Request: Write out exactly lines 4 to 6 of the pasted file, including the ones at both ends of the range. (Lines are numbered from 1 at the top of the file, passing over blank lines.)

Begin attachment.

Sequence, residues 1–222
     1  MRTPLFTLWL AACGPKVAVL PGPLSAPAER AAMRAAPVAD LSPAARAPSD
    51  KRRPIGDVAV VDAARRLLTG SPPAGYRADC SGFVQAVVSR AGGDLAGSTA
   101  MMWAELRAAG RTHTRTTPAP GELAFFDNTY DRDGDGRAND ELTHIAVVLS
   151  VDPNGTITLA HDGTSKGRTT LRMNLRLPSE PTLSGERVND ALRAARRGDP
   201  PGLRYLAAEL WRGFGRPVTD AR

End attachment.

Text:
   101  MMWAELRAAG RTHTRTTPAP GELAFFDNTY DRDGDGRAND ELTHIAVVLS
   151  VDPNGTITLA HDGTSKGRTT LRMNLRLPSE PTLSGERVND ALRAARRGDP
   201  PGLRYLAAEL WRGFGRPVTD AR